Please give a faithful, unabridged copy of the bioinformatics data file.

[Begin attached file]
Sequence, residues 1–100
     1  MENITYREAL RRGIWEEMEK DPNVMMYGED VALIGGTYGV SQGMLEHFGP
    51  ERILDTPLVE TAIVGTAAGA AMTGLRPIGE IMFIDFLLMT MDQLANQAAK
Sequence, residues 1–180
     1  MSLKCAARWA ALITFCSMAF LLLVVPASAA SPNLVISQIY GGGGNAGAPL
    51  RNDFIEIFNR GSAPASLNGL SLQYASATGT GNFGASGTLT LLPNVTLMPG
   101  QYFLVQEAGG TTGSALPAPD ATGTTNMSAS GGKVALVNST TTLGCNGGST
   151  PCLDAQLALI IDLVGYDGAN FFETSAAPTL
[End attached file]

Sequence, residues 1–100
     1  MENITYREAL RRGIWEEMEK DPNVMMYGED VALIGGTYGV SQGMLEHFGP
    51  ERILDTPLVE TAIVGTAAGA AMTGLRPIGE IMFIDFLLMT MDQLANQAAK
Sequence, residues 1–180
     1  MSLKCAARWA ALITFCSMAF LLLVVPASAA SPNLVISQIY GGGGNAGAPL
    51  RNDFIEIFNR GSAPASLNGL SLQYASATGT GNFGASGTLT LLPNVTLMPG
   101  QYFLVQEAGG TTGSALPAPD ATGTTNMSAS GGKVALVNST TTLGCNGGST
   151  PCLDAQLALI IDLVGYDGAN FFETSAAPTL